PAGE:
Similar projects could be initiated by NGOs, with strong roots at the district level. CBOs and local Government functionaries should be involved in planning and implementation to ensure post-project sustainability. The Governments at the State and National level should be taken into confidence to ensure up-scaling of the learning. Peer groups at the village level provide good vehicles of information dissemination and building trust with the communities. The UN agencies and GEF may come forward to support such grass-root level and pragmatic initiatives.
Who should ensure follow-up of the solution at the local level?
Data for climate and its impact monitoring should be generated by skilled members of the community, under the leadership of the CCAC. The HU level CCAC should take over all the tasks of the NGO, after withdrawal of support. At district and state level government machinery may provide the necessary technical and financial support, after the successful completion of the intervention. Policy level support is needed from the national level policy making bodies and relevant ministries.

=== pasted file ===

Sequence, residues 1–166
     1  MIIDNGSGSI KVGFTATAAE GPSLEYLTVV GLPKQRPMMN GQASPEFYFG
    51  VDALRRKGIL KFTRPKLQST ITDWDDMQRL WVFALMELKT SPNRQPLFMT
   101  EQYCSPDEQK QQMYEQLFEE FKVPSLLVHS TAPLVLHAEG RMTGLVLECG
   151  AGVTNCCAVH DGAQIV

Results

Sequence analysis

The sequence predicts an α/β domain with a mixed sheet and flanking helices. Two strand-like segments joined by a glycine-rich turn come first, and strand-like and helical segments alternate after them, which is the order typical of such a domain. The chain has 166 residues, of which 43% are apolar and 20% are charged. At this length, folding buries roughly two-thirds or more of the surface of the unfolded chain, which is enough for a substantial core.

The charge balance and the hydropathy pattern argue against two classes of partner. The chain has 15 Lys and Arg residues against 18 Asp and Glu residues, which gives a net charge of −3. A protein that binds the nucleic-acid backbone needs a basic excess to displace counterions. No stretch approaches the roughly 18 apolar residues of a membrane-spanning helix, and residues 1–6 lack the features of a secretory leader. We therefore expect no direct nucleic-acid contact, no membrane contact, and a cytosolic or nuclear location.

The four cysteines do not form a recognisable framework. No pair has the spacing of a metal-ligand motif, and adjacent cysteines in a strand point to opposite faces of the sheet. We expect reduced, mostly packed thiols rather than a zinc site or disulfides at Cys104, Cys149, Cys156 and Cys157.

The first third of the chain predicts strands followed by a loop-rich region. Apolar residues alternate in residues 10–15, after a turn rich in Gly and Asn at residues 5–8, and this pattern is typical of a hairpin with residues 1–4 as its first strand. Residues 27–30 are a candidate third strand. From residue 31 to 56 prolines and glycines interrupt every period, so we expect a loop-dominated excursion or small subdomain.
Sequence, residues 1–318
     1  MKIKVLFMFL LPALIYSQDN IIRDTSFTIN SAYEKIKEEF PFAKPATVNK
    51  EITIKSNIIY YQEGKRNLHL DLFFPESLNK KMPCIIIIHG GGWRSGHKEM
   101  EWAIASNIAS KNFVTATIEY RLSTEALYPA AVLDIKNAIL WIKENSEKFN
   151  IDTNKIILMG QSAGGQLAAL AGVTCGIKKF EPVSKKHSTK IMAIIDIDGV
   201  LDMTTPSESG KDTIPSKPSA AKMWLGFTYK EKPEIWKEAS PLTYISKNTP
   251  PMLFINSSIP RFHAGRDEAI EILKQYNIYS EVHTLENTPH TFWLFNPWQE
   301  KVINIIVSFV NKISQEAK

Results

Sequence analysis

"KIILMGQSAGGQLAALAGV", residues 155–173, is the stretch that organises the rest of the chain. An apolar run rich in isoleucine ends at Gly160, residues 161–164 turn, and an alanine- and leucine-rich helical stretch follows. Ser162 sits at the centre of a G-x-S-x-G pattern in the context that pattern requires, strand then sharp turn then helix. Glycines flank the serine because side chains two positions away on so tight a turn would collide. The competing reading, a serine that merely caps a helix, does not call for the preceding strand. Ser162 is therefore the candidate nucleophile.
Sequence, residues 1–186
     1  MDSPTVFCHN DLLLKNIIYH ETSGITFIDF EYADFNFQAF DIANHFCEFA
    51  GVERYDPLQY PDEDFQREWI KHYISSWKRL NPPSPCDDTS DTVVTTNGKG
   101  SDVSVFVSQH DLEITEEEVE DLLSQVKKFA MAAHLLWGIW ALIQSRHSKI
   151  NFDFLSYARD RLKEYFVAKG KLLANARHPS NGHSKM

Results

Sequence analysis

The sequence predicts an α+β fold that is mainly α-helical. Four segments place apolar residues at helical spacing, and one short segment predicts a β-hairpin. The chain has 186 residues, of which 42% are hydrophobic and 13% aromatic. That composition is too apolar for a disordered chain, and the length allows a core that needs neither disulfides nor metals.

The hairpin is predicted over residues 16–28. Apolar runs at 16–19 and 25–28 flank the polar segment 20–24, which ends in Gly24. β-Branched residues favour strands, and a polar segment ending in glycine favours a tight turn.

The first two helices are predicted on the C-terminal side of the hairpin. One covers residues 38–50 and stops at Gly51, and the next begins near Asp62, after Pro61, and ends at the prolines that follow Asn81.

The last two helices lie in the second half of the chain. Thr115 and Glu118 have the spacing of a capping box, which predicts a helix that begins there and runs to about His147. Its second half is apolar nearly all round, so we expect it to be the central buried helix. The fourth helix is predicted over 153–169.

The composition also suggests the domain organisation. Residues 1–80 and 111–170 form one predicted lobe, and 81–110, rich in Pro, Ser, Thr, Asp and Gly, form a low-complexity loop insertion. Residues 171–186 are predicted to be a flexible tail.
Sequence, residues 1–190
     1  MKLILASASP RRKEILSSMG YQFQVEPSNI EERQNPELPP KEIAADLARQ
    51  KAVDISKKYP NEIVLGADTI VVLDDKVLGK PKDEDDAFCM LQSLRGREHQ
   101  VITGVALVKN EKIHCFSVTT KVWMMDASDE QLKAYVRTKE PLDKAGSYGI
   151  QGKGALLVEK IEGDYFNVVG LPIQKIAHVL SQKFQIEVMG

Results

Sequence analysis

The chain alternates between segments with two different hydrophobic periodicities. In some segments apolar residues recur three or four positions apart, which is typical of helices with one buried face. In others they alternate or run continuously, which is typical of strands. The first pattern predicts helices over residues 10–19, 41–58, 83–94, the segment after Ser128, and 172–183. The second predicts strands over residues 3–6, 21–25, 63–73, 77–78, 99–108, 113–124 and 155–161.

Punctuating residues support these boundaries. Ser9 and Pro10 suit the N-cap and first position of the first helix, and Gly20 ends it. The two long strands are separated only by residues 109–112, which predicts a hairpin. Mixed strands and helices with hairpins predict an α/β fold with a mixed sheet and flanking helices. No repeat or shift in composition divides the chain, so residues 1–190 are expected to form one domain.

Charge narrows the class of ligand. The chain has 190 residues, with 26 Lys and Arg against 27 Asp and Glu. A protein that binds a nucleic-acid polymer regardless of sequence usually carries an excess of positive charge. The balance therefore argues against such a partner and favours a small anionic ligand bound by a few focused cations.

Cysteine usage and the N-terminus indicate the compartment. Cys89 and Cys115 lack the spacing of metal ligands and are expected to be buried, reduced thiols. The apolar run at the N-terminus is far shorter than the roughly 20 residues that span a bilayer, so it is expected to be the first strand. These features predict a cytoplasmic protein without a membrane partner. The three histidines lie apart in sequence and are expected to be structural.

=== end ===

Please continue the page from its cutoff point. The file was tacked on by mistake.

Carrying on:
The project entered second year of implementation. The results produced so far include: i) Completed Baseline Study Document; ii) Formation of CCACs; iii) Mass Awareness Generation; iv) Staff Training and Exposure; and v) Strategy Papers for Implementation of activities
The next steps of project implementation (in 2012 and 2012) would produce: i) Community operated Climate Monitoring Stations; ii) Climate Impact Monitoring database; iii) Curriculum for Climate Field Schools (CFS); iv) Document capturing learning of CFS; v) Implementation Guidelines for Pilots on SLWM; vi) 3 Manuals on learning of the Pilots on SLWM; and a Dissemination platform (website operated by BIRDS/FAO).
Key question your solution aims to answer (i.e. if your Solution is the answer, then what is the question) and how does that fit with the target?
The emerging innovative solution – Community Climate Adaptation Plan, will answer the question: “How to prepare the communities for facing the consequences of drought?”
How does the solution contribute to the target’s effective implementation and attainment?